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EDINBURGH 2019: THE TRIAL Q&ABWW catches up with Franko Figueiredo to chat about bringing The Trial to the 2019 Edinburgh Festival Fringe.

What was the inspiration for the show?

Inspiration for The Trial came from various different sources: a novel, stories of friends in Brazil and UK, our own personal stories and newspaper articles.

Firstly, we wanted to use the structure and setting of the novel Tieta do Agreste by Jorge Amado, set in a time when Brazil was governed by a military regime with very close relation to the US. Add to that conversations with friends, recording of their stories, bits of my personal story of when I left Brazil in the late 80s, the current discussions on how gender in Brazil is being addressed by the government of Bolsonaro and in fact, the rise on LGBTQ hate crime in the world, all this was inspiration in the process of writing/devising The Trial.

Why is it an important story to tell?

You don't need to go to Brazil to see the rise of LGBTQ hate crime, and in particular to our Trans friends. Statistics show that, in the UK alone, one in five LGBTQ people have been victims of hate crime because of their sexual orientation or gender identity in the last 12 months. The Trial aims to provoke audiences to re-think how they sit in this universe, are we just passively watching it all go by?

The Trial is a very important story to tell right now, because, unfortunately, the time of 'full' equality is not quite with us yet, we still feel oppressed by the legacy of the heteronormative history: there is still a lot of misunderstanding and bigotry against the LGBTQ + community that we need to overcome. It is a wake up call about human rights, and how exclusive those rights can easily become.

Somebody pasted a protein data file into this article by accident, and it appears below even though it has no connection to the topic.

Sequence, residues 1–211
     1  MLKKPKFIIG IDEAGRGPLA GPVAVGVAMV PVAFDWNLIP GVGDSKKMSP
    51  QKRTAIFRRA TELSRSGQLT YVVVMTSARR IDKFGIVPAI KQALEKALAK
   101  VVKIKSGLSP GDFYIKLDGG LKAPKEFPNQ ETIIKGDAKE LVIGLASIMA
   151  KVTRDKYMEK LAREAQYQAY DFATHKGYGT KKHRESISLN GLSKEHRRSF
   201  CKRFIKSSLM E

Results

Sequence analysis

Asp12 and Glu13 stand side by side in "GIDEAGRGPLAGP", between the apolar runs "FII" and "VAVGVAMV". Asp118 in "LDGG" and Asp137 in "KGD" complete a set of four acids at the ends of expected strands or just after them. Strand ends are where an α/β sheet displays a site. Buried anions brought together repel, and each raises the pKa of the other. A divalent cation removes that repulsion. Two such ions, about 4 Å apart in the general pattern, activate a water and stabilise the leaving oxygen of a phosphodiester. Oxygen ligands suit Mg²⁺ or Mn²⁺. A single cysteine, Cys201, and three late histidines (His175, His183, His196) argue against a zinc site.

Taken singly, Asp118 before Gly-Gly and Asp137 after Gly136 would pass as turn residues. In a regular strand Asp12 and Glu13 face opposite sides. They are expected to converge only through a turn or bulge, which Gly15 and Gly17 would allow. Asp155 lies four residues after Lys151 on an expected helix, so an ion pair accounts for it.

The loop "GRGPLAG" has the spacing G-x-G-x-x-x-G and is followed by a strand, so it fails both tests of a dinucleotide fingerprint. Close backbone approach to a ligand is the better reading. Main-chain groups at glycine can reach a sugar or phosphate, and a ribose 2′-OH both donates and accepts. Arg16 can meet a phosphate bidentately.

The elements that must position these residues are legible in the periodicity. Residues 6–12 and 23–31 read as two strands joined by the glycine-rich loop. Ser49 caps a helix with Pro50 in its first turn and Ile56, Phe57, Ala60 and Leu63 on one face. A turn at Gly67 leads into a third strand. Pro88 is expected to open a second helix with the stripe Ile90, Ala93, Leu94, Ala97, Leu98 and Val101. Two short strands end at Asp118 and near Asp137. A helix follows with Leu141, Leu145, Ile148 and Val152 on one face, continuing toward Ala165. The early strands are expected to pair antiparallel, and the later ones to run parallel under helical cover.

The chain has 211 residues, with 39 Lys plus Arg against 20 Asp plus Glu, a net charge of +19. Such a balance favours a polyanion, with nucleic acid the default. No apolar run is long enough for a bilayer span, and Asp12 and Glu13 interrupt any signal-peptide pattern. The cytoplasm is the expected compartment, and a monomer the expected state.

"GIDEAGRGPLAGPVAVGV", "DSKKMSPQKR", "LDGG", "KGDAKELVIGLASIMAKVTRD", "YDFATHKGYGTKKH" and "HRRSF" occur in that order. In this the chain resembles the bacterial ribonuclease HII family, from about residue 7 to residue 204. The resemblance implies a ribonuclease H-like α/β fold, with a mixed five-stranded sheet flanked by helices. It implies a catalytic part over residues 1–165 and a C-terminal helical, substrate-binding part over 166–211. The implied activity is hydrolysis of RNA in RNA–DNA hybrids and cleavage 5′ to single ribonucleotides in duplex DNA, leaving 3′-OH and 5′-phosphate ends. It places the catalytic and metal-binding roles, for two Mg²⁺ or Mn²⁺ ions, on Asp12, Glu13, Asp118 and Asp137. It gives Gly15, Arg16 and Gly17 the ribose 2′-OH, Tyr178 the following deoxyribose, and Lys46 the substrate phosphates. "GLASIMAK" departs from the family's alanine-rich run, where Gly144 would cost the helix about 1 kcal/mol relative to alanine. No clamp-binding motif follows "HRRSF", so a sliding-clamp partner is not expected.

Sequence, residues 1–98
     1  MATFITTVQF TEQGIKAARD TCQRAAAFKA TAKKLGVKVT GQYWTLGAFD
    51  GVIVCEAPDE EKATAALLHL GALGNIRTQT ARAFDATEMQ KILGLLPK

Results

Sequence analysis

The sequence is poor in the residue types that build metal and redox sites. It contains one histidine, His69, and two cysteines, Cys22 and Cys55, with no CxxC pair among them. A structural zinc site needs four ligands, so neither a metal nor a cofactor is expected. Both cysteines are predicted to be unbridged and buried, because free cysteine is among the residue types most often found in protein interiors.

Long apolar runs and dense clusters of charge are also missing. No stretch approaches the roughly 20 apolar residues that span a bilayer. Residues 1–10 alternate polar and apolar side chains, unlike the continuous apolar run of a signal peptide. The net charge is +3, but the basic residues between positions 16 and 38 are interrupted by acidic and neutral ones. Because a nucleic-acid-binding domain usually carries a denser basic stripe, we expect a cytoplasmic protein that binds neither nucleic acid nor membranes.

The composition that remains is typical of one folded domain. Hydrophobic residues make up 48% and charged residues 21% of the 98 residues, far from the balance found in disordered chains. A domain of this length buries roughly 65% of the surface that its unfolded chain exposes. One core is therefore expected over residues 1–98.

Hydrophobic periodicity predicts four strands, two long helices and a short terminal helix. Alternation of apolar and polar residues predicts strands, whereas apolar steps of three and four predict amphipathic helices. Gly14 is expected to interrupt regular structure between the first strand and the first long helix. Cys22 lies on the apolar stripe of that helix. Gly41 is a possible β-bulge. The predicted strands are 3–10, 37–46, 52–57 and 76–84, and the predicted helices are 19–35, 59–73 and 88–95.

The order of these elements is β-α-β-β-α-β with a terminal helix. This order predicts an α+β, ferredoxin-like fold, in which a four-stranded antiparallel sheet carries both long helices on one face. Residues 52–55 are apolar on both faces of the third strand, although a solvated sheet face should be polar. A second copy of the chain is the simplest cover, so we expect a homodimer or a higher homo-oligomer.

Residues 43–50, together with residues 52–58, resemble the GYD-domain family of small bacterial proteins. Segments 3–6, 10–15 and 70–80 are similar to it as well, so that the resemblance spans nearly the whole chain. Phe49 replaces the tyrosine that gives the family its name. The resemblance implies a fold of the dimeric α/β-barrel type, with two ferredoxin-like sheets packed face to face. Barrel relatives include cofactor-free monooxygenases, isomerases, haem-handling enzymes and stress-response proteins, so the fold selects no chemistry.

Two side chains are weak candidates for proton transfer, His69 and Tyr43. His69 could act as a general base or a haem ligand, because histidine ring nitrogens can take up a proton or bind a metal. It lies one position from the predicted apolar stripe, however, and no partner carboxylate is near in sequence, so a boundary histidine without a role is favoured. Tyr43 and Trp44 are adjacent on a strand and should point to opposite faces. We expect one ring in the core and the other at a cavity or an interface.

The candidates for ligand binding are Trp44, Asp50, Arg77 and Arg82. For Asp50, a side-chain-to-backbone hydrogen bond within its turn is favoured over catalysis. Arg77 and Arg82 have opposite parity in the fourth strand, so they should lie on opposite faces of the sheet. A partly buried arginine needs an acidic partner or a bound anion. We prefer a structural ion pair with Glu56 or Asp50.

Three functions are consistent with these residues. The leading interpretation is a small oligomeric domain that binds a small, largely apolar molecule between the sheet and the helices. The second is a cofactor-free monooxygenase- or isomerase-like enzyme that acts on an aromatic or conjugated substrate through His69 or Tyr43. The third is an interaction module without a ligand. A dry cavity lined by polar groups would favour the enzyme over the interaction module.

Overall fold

What sets it apart from other theatre performances at the festival?

The interactive element of The Trial that doesn't allow for the audience just to sit back and receive the story; it invites the audience to join in creating the atmosphere, slowly joining the local Brazilian community, witnessing facts and circumstances, they eat together, dance together, engage in dialogue and then comes the moment when The Trial takes place, and the audience is asked to discuss and reach their verdict; they have the control of how the story ends. It is this interaction, intercepted with the storytelling and music, that takes the audience on a journey I am sure they won't experience anywhere else.

What would you like audiences to take away from The Trial?

We hope our audiences will leave the experience more informed and aware of what is happening around the world in terms of hate-crime; inspired to engage in positive actions towards eliminating hate-crime around them, sign petitions, talk to their neighbour, spread the spirit of tolerance; and provoked to take action, however small, towards achieving human rights for all.

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From This Author Natalie O'Donoghue